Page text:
Overtime – what it is and when you should get it
Are you getting paid for all the time you work?
Getting paid for a hard day’s work is one of the cornerstones of what makes America great. We pride ourselves on having an enviable labor system that incentivizes employees to give companies their best in exchange for great work. However, it hasn’t always been this way: in the 1930’s employees all over the country went up in arms to protest unfair compensation by employers, asking the government to come to their aid. After the matter was looked into, the government came up with the Fair Labor Standards Act or FLSA which seeks to protect the rights of all workers, ensuring that they are paid a fair wage for a hard day’s work. Part of the FLSA mandates that employers pay one and one-half times pay for overtime. Could you be entitled to overtime which your employer is not paying? This article will highlight some of your rights as an employee.
The FLSA does not apply to everyone. The law carves out an exception for exempt employees. Before discussing how the law defines exempt employees, it is important to note that many employers misclassify employees as exempt employees in order to avoid paying overtime. If you work more than 40 hours per week and are not being paid time and one half, you need to examine if you are an exempt employee.
Exempt employees are “bona fide executive, administrative, professional and outside sales employees.” It is important to note, a job title alone is not sufficient to classify an employee as exempt. Click here for a comprehensive list of exempt positions.
When does overtime apply?
There is no requirement that an employer pay time and one half for work on weekends, nights or holidays. There is no limit on the number of hours an employer requires and employee to work in one week. The only requirement under the FLSA is that the employer pay time and one half for hours over 40 in one week. On March 13, 2014, President Obama signed a Presidential Memorandum directing the Department of Labor to update the regulations defining which workers are protected by the FLSA’s overtime standards. Previously, the threshold was only $23,660. This meant that managers at fast food restaurants could be forced to work over 40 hours per week without overtime if they made over $23,660, or $11.37/hour. Now, in 2016, the salary level will be $970 per week, or $50,440 per year. This means that anyone making less than this amount must be paid time and one half for hours above 40 per week.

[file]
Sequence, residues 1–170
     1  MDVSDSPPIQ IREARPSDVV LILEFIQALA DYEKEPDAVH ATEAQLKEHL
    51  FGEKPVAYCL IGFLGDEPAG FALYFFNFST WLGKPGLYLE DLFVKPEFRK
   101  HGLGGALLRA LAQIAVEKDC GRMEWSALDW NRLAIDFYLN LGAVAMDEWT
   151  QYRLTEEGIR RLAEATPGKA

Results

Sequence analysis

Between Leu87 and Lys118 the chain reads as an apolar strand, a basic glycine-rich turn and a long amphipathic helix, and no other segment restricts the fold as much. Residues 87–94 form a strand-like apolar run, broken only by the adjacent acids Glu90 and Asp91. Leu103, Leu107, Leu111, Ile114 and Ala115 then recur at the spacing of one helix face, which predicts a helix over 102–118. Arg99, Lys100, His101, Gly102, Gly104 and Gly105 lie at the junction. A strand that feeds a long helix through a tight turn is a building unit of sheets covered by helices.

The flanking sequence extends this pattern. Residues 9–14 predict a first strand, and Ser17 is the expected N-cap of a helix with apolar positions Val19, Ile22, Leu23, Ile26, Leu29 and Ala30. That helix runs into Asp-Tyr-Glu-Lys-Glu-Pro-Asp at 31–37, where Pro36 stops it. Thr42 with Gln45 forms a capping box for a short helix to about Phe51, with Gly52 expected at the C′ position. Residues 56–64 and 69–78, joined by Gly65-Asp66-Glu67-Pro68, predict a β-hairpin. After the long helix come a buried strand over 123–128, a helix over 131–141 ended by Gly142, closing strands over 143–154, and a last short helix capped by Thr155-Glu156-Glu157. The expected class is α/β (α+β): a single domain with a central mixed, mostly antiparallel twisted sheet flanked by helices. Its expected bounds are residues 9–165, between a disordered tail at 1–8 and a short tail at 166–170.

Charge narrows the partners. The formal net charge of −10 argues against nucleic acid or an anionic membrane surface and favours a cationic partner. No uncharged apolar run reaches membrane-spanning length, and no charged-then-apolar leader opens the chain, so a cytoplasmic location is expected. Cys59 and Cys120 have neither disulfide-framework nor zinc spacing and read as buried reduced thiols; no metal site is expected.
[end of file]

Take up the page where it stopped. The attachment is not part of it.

What constitutes a work week?
The FLSA requires overtime to be paid for hours in excess of 40 in a “workweek.” A work week need not be a calendar week, an employee’s scheduled week or even a pay period. A workweek under FLSA is a fixed, regularly-recurring period of 168 hours – that is, seven, consecutive, 24-hour periods. If you work irregular shifts, “forced” shifts or anything other than a typical workweek, you should consult with an attorney if your employer is violating the FLSA by not paying you the overtime you are entitled under the law.
If my employer does not pay me overtime, what are my rights?
If an employer could withhold overtime and merely pay you the overtime if they got caught, there would be no incentive to pay employees properly. So, for employers who do not file the overtime laws, an employee can recover double the amount of overtime owed. Additionally, as an incentive for lawyers to handle overtime cases, the law provides that the employer is responsible for paying for the legal fees should an overtime violation be discovered. In this way, it does not cost an employee any attorney fees to exercise their rights to be paid what they are entitled under the law.
Owed Overtime? Get Legal Help Today!
If you believe that you’re owed overtime by your employer, don’t hesitate; call us today at (773)-779-9885 for your FREE consultation into overtime pay disputes. An experienced workers compensation attorney can investigate your claim at no cost to determine whether you may be entitled to unpaid overtime. Thanks, and we look forward to helping you get justice and compensation for your hard work.